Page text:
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Part 3: To the MCJ

“God, so many people.” I sat against the wall opposite the door. “It must have been half the complex or more. So many. Dead? Mutated?”

I leaned my head against the wall behind me, and looked up at the shiny grated ceiling. The pale, almost-blue light from behind the grating soothed my mind for a brief moment of thoughtlessness.

My head rocked to the right, where I could see down the long white hallway to the Main Complex Junction. The MCJ was the hub of the five winged complex design. Each wing’s walls bore long striped lines with segmented arrow tips, leading residents back to the hub. In this complex, Complex Alpha, our stripes were red. I was told Beta and Gamma had either blue or orange, but I’d never been granted travel permission to go see for myself.

My stump throbbed. I raised it, to finally take a better look at it. Black pus-seeping crust sealed the terminal edge of my arm. Comparing it to my right, it looked like I cut it about two inches below my wrist.

“Fuck this hurts. At least it’s not a mutated tentacle, I guess.”

Glancing back toward the MCJ, the thought occurred to me, There has to be medical staff in the infirmary. Maybe the tissue regenerate can- do something? I don’t think it can regrow a limb, but, maybe something to close it up, and stop the pain.

Leaning on my right arm, I pushed myself up. As I began down the long path toward the MCJ, memories flooded my mind of my arrival, and the first time I had seen the complex.


It was seven years ago. I stepped off the transport ship’s shuttle with fifty other workers. We were the first of three shuttles in the delivery, and after we had all touched down, we brought the planet Wright up to a staggering population of nine hundred colonists.

I could barely grasp being here. Waking up from cryosleep on the transport ship, I was told our twenty light-year trip was done. It felt like we had only just left Mars, and there we were, orbiting a strange rocky world.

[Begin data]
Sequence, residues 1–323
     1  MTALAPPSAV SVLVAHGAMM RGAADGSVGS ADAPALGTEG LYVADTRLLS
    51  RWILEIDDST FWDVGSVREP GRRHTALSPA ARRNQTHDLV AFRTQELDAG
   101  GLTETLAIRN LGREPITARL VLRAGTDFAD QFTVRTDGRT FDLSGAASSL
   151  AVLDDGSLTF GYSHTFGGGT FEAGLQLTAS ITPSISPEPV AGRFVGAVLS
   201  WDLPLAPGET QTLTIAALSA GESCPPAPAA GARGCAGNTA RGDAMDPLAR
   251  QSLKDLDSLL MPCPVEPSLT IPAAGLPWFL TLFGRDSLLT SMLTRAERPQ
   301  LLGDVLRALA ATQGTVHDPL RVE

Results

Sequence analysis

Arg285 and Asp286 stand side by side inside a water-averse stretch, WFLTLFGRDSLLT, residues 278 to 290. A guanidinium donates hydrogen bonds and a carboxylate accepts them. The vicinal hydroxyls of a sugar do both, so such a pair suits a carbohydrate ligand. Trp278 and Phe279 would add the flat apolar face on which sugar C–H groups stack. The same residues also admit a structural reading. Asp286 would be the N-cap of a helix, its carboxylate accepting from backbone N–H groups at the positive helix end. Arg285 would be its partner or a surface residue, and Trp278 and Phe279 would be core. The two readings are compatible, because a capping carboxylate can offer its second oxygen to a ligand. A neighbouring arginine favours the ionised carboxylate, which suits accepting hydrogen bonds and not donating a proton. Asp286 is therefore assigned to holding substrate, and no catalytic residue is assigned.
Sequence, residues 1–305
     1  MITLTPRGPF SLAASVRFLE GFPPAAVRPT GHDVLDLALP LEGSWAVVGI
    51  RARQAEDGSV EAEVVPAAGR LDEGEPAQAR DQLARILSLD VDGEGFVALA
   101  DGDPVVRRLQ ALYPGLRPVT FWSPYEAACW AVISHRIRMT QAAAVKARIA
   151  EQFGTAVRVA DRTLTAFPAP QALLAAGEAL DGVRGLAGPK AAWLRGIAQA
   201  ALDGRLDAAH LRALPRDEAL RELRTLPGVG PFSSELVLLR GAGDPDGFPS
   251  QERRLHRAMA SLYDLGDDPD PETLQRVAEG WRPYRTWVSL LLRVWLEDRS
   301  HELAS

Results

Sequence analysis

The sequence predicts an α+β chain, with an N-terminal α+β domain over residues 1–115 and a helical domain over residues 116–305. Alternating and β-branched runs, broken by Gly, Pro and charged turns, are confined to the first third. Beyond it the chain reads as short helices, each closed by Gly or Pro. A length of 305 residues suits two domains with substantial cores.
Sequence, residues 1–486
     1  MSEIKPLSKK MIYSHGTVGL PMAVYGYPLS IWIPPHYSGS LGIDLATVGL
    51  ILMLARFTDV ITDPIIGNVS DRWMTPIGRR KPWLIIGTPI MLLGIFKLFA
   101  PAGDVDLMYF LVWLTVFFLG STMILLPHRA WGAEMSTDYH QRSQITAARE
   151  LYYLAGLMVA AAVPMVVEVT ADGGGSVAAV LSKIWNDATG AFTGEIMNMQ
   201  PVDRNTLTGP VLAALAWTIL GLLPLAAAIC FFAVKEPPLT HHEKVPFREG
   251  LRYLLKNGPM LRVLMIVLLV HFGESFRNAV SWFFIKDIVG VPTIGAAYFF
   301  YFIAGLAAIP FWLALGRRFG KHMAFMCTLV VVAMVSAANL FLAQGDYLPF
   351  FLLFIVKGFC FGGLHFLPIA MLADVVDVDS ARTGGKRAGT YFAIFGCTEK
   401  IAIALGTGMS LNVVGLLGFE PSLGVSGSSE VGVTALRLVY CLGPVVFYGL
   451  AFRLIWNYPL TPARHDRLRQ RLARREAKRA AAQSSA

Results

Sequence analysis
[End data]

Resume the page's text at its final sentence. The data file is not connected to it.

At seventeen, I was the youngest Mechanical Systems Engineer on the ground, maybe the youngest resident on Wright. And no one let me forget it.

Our team finished the complex’s construction by building out the last two wings of the complex, Ground Support and Communications and Terraform Control. Six months later, as we put the finishing touches on CTC’s internal systems, the gear arrived to begin work on the next-gen terraforming systems. There were parts to install I didn’t recognize, and wouldn’t have had a clue how they worked, but Lyssa, the newly arrived Terraform Technician did.

We began tearing down the old Benally rigs, which split oxygen away from the planet’s abundance of carbon dioxide, and installed this new tech. I could have sworn, the new systems put out so much oxygen, you could stand under one without an EPS suit and breathe like you were back home on Mars.

Those days seemed to fly by. After installing three of the revamped terraform towers, I had convinced Lyssa to eat dinner with me. After three more, we were a couple, and I thought inseparable. But once we had ten of the new towers online, Command pulled Lyssa, and sent her to Complex Gamma.

We continued on, tearing down the old, and throwing up the new. We did it another eighty-nine times, until our third of the planet had been updated. With each one, I thought about Lyssa, and dreamed that one of these days we’d be assigned to the same complex again.

I would think back to how excited she was, when telling me about the origins of the Mars terraforming project, and how the world used to be as rocky as Wright. That always blew my mind. But she was right about timing. As we neared the ninetieth install we got to see the first images of crops peeking through the soil- our crops, life that had traveled across the stars, now establishing a new home.

The images inspired me with awe. They made me feel like more than I was, more than a runaway who had fled the solar system to start a new life, free from the harsh eyes and criticisms I’d felt back there. Instead, Wright could be home, a real home.


I was almost to the MCJ. Through the threshold at the end of the corridor, I saw the Commissary’s door and the hundred tables that sat outside the Mess.

“God, I hope she’s OK. Maybe after the infirmary, I can stop by CTC and send her a message.”

Taking my final steps in the Ground Wing, I turned into the Junction. I froze, as I found myself face to face with a brown haired woman.

“Hamal?” She jumped and stared into my eyes.


Part 4: Unlucky Reunion